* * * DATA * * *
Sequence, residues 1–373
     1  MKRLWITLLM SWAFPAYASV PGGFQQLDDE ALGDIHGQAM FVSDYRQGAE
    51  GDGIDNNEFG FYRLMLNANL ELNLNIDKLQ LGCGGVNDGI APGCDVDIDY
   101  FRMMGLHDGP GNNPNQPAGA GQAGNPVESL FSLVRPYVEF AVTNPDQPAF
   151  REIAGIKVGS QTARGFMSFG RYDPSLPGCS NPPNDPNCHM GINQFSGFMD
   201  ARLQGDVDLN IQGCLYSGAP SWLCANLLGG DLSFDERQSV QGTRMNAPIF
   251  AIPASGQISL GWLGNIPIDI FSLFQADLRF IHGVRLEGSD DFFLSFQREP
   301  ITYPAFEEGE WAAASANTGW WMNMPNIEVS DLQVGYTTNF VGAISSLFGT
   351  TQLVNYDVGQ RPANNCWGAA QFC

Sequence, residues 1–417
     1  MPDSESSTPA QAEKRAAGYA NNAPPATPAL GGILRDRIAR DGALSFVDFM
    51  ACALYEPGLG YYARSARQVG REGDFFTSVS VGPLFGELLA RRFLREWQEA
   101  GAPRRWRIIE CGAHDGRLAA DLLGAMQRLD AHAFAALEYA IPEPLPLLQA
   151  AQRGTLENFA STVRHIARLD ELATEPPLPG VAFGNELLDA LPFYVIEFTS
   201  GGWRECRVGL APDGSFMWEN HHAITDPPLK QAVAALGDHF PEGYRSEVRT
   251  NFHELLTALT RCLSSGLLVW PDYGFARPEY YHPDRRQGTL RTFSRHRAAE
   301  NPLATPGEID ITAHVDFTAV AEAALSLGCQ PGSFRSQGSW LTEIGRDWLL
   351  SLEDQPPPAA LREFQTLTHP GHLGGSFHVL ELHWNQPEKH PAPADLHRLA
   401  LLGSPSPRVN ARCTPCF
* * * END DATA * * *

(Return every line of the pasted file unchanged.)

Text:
Sequence, residues 1–373
     1  MKRLWITLLM SWAFPAYASV PGGFQQLDDE ALGDIHGQAM FVSDYRQGAE
    51  GDGIDNNEFG FYRLMLNANL ELNLNIDKLQ LGCGGVNDGI APGCDVDIDY
   101  FRMMGLHDGP GNNPNQPAGA GQAGNPVESL FSLVRPYVEF AVTNPDQPAF
   151  REIAGIKVGS QTARGFMSFG RYDPSLPGCS NPPNDPNCHM GINQFSGFMD
   201  ARLQGDVDLN IQGCLYSGAP SWLCANLLGG DLSFDERQSV QGTRMNAPIF
   251  AIPASGQISL GWLGNIPIDI FSLFQADLRF IHGVRLEGSD DFFLSFQREP
   301  ITYPAFEEGE WAAASANTGW WMNMPNIEVS DLQVGYTTNF VGAISSLFGT
   351  TQLVNYDVGQ RPANNCWGAA QFC

Sequence, residues 1–417
     1  MPDSESSTPA QAEKRAAGYA NNAPPATPAL GGILRDRIAR DGALSFVDFM
    51  ACALYEPGLG YYARSARQVG REGDFFTSVS VGPLFGELLA RRFLREWQEA
   101  GAPRRWRIIE CGAHDGRLAA DLLGAMQRLD AHAFAALEYA IPEPLPLLQA
   151  AQRGTLENFA STVRHIARLD ELATEPPLPG VAFGNELLDA LPFYVIEFTS
   201  GGWRECRVGL APDGSFMWEN HHAITDPPLK QAVAALGDHF PEGYRSEVRT
   251  NFHELLTALT RCLSSGLLVW PDYGFARPEY YHPDRRQGTL RTFSRHRAAE
   301  NPLATPGEID ITAHVDFTAV AEAALSLGCQ PGSFRSQGSW LTEIGRDWLL
   351  SLEDQPPPAA LREFQTLTHP GHLGGSFHVL ELHWNQPEKH PAPADLHRLA
   401  LLGSPSPRVN ARCTPCF